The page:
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Most of the attention surrounding Theresa May last week had little to do with her responsibilities as Home Secretary. Indeed, when a report was published detailing a series of horrendous crimes, she wasn’t in the story at all.

The report, It happens here, was published by the Centre for Social Justice, and the criminal activity it documents is the practice of modern-day slavery on British soil. 

In a post for the Spectator, the CSJ’s Christian Guy explains that something we might have assumed was all in the past is still very much with us:

  • “Slowly but surely, British court cases are revealing a once great nation of abolitionists to be a shadow of its former self. We often celebrate the nineteenth century anti-slavery movement and its precious victory. We hail their achievement and honour our Parliament’s noblest hour.
  • “But like weeds in a neglected garden, slavery has returned. Its roots remained intact – inherent in humanity’s darkest weaknesses. Today, it is aggressive and hidden.  It lives in the shadows of Britain’s cities, towns and villages…
  • “Across and within UK borders, vile child and sexual exploitation, forced labour and domestic servitude trap people in terrible torture… many are threatened with rape, death or brutal attacks on their families back home at the slightest hint of rebellion. There are growing numbers of British-born victims too. School girls moved around the UK at weekends – raped numerous times a night – and back in the classroom on Monday. This is a modern day underworld.”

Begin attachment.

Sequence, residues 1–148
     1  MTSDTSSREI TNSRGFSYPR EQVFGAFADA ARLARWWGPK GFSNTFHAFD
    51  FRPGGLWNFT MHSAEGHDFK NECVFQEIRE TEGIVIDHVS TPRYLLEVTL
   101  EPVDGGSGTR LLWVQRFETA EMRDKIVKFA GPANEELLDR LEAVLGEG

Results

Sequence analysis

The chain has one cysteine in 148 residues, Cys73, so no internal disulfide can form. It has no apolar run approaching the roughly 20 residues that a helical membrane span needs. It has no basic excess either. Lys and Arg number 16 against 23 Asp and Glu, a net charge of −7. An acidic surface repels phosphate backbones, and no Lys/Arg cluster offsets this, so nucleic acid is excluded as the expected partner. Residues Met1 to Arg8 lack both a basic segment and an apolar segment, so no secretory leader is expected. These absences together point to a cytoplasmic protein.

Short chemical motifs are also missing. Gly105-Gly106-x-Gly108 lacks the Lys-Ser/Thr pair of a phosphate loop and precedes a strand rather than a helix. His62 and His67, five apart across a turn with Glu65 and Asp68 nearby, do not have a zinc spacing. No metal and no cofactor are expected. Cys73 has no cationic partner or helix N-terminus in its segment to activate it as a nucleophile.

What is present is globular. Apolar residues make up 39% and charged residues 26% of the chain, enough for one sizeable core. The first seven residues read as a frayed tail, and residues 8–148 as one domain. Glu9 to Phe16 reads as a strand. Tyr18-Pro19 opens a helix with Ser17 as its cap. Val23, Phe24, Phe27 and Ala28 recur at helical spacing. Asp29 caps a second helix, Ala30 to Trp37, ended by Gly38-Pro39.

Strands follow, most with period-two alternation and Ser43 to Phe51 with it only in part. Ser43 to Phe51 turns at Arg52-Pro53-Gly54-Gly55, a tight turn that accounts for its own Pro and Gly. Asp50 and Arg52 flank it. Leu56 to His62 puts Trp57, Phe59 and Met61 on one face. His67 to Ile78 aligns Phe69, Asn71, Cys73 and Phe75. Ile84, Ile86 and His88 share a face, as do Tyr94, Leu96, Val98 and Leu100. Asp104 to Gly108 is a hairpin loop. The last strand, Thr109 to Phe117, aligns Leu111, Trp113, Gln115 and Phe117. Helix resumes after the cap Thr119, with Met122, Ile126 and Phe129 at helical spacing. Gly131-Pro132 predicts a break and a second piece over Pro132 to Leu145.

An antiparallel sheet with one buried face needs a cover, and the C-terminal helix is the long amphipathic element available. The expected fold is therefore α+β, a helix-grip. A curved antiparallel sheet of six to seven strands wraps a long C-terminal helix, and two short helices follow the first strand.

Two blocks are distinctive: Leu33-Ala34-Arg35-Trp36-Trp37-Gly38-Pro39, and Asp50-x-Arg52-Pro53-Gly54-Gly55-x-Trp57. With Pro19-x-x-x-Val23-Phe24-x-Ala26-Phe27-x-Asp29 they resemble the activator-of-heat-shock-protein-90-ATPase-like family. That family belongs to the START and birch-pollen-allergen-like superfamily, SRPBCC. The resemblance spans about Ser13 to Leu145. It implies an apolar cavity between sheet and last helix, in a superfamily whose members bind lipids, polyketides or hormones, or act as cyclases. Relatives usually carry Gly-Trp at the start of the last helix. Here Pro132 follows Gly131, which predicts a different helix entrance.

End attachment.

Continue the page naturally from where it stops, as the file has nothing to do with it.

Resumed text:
How can this be happening here, in Britain, in the 21st century? Well, for a start, it might help if we could bring ourselves to recognise slavery for what it is:

  • “In the hands of international bureaucrats the problem has become better known as ‘human trafficking’.  But just like ‘collateral damage’, these words mask the terror, injustice and nature of abuse inflicted on those who are its victims.

One could say the same about the so-called ‘grooming’ in which children have been lured into the slavery of forced prostitution. The labour exploitation of immigrants and homeless people by many so-called ‘gangmasters’ also amounts to slavery, such is the coercion involved:

  • “Behind closed doors, these victims are voiceless and petrified. Most, of course, are not free to walk away.  And those who can often don’t, fearing immediate arrest or deportation. And those who do escape receive inadequate support.”
  • “…Police officers, social workers, health professionals and prison governors regularly fail to recognise slavery victims when they come face-to-face with them.  Police officers arresting a female victim who had escaped from a brothel because she didn’t have a passport is one such example of this.”

As the department with overall responsibility, the Home Office claims to have the right systems in place for coordinating an effective response. However, the CSJ report argues that this isn’t in fact the case.

By the very nature of the crime, the victims of modern slavery are among the most vulnerable and marginalised people in our society. They have no voice, no influence, no impact at all on mainstream public opinion.

This is how the most appalling things can go on with no effect on the political agenda. Ignored by the media, overlooked by Parliament and merely managed by officialdom. This is, therefore, an issue that cries out for true leadership.

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